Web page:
New Jersey Businesses Should Consider SALT Deduction Limitation

As states such as New Jersey continue to enact SALT Deduction limitation workarounds, it is essential for businesses to consider opportunities as part of year-end tax planning. Businesses that meet all three conditions should prioritize planning today.

Effective for tax years beginning 2020, the New Jersey Business Alternative Income Tax (“BAIT”), is an elective entity-level tax on pass-through businesses. The BAIT provides a workaround to the Federal limitation for the state tax deductions.

While there are a number of implications businesses should consider, the following businesses that meet these three conditions should assess the New Jersey BAIT as part of their year-end tax planning:

  • Flow-through entities (i.e. partnerships, LLCs, and S corporations)
  • Partners/Shareholders (of flow-through entities) that are predominantly New Jersey residents
  • Businesses with significant New Jersey presence

The TCJA imposed a $10,000 limitation on the amount of state and local tax (“SALT”) that individuals (or pass-through business owners) may deduct for federal income tax. Some states, including New Jersey, responded by enacting various workaround bills in an effort to mitigate the impact of the limitation on their state residents.

Businesses that meet all three conditions should prioritize planning today in preparing for year-end tax planning. As there are many technicalities with the legislation, it is important for businesses to analyze whether making the election would yield in a lower tax burden. Proactive analysis and planning is vital as not all businesses may benefit from the election, with potentially unfavorable consequences.

Mechanics of the BAIT Election

By passing through a net amount of income reduced by the SALT deduction, the owner is able to fully deduct their New Jersey taxes for federal purposes.

Consider the following simplified example:

S corporation (S) has net income of $1,000,000 in 2020, and one individual shareholder (A). Absent the election, S would pass through to A $1,000,000 of net income and A would pay NJ income tax of approximately $60,000. Most of this payment, or $50,000, would not be deductible at the Federal level because of the SALT limit. Alternatively, if S elects the BAIT to pay tax at the entity level, it would hypothetically be able to deduct the full $60,000 for federal purposes. Assuming a 37% tax rate for federal purposes, this could be equated as much as $22,200 of tax savings [1].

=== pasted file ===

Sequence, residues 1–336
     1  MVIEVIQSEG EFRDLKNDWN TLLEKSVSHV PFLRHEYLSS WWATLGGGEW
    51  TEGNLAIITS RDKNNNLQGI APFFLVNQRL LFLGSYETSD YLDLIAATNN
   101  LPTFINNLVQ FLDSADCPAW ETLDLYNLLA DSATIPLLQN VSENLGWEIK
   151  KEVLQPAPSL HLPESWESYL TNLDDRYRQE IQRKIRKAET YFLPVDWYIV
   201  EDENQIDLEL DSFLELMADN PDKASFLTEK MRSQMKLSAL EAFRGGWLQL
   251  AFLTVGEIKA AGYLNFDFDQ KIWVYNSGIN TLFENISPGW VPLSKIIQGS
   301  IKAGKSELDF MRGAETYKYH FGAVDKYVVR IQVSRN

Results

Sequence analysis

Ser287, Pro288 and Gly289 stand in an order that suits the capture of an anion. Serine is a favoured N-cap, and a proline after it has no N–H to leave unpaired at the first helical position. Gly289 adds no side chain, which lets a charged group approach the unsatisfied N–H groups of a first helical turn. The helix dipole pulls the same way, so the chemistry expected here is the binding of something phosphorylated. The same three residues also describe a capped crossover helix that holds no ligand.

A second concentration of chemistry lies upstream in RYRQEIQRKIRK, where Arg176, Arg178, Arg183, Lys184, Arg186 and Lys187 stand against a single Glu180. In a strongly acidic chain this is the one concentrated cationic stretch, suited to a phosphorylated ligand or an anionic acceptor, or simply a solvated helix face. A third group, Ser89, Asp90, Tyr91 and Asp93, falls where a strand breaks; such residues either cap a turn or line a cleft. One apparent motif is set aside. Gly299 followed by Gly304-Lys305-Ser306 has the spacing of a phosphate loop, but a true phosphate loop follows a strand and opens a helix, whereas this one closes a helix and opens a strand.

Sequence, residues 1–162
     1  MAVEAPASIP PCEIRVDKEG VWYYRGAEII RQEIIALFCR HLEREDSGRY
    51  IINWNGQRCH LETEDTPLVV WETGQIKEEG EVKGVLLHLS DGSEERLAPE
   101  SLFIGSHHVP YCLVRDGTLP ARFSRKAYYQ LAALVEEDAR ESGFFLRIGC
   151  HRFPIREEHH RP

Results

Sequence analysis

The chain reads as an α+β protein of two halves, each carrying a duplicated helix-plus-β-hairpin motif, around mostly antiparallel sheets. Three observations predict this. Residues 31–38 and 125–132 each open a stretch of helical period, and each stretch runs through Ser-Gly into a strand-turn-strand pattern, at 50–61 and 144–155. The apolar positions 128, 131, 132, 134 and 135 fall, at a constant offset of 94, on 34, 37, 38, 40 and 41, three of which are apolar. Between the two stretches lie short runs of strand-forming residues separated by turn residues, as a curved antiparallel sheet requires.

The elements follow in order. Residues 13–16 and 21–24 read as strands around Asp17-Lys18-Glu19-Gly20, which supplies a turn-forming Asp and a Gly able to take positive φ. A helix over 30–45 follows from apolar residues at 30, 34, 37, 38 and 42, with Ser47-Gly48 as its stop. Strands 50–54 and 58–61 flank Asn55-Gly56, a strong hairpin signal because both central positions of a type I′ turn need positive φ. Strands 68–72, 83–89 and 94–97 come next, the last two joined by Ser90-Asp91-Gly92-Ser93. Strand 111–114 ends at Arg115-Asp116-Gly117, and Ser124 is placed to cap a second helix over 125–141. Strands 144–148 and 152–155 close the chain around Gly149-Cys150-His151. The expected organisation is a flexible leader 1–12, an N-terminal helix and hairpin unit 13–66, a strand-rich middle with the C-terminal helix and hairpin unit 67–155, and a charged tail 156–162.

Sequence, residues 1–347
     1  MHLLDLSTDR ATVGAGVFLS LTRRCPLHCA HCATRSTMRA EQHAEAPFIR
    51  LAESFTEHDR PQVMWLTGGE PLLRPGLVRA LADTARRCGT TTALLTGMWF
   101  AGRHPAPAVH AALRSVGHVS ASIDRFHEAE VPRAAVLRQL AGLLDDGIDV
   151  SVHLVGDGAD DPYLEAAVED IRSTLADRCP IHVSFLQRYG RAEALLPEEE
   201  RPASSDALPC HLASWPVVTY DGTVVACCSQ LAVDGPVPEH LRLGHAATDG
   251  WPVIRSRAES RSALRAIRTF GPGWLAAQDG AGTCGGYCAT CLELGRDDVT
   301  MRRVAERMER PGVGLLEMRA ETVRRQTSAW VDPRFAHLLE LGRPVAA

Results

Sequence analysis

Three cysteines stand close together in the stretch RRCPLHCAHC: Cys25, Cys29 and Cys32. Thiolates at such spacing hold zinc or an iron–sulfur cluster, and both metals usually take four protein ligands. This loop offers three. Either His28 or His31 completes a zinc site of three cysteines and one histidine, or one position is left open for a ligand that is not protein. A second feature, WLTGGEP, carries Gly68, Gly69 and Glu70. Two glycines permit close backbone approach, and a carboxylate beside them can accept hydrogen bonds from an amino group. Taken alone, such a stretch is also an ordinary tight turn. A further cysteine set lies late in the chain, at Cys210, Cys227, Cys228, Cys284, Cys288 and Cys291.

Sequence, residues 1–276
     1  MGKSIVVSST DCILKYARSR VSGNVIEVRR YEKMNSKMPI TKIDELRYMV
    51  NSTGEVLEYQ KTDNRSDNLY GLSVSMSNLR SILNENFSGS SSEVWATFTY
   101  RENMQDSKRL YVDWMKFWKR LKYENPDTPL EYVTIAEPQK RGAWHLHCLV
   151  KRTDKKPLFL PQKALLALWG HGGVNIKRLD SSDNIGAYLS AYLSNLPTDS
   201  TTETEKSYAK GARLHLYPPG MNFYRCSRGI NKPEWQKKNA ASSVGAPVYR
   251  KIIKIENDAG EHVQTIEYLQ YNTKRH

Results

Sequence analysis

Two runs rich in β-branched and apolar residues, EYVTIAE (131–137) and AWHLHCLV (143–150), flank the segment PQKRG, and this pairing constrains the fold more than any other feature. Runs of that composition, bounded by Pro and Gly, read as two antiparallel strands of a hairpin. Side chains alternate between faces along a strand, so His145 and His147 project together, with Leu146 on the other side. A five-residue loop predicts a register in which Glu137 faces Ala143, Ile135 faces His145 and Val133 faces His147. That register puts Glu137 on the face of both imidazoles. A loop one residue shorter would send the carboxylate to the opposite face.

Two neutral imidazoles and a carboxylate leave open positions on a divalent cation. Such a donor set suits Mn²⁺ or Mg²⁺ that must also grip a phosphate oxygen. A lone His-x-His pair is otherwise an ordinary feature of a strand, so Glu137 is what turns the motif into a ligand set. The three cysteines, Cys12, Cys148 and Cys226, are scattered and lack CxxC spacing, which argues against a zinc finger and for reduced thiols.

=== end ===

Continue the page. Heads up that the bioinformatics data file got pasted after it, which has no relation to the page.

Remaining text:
For questions or additional assistance in interpreting this proposal, please
contact a member of Withum’s State and Local Tax Team.

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The potential benefits along with the risks need to be weighed in determining the right course of action. Some of these considerations may include:

  • IRS Challenges: The treatment of the election for Federal income tax purposes is uncertain, and it is possible BAIT will be challenged by the IRS, with loss of the SALT deduction. (This could result in amended returns, interest, and/or penalties.) Please note that the presidential and congressional election results (i.e. a potential change in administration) could result in significant changes in the tax law, including the reinstatement of the SALT deduction.
  • Non-Resident Credits: Non-New Jersey resident partners/owners of an entity that elects to pay the New Jersey entity-level tax may not receive a credit in their home states (e.g. New York) for the New Jersey entity tax paid, resulting in double state income taxation.
  • Duplicate Estimate Payment Requirements: The bill does not alter existing non-resident withholding requirements for those pass-through entities that elect to pay the BAIT. Therefore, overlapping payment requirements may be necessary if individual non-resident taxpayers are subject to both regimes. (This is only for estimated payments, not the actual tax itself).
  • Other Considerations: Business owners should keep in mind that the election to pay tax at the entity-level is subject to the facts and circumstances of each business.

Withum’s SALT team can discuss and help you analyze if the BAIT election makes sense for your business. Although we are still in the process of understanding all of the nuances of the tax and awaiting the State to draft guidance on the new law, it is important for businesses to consider any planning in respect to the BAIT election for the 2020 tax returns. With quarterly estimates for business owners coming due on September 15, the time to plan is now.

Authors: Jason Rosenberg, CPA, CGMA, EA, MST | [email protected], Jim Bartek, CPA | [email protected], and Barry Horowitz, CPA, MST | [email protected]

State and Local Tax Updates

[1] The simplified calculation uses various assumptions and rounded tax rates for illustration purposes. Reach out to Withum SALT to explore specifics in modeling any potential tax savings.

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